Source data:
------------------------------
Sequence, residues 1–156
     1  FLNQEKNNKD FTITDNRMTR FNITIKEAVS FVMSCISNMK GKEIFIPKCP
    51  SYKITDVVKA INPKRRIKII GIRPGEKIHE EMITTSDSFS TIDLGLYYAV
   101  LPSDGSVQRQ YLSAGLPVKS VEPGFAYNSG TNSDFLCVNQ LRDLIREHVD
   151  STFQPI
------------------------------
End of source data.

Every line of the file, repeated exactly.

Sequence, residues 1–156
     1  FLNQEKNNKD FTITDNRMTR FNITIKEAVS FVMSCISNMK GKEIFIPKCP
    51  SYKITDVVKA INPKRRIKII GIRPGEKIHE EMITTSDSFS TIDLGLYYAV
   101  LPSDGSVQRQ YLSAGLPVKS VEPGFAYNSG TNSDFLCVNQ LRDLIREHVD
   151  STFQPI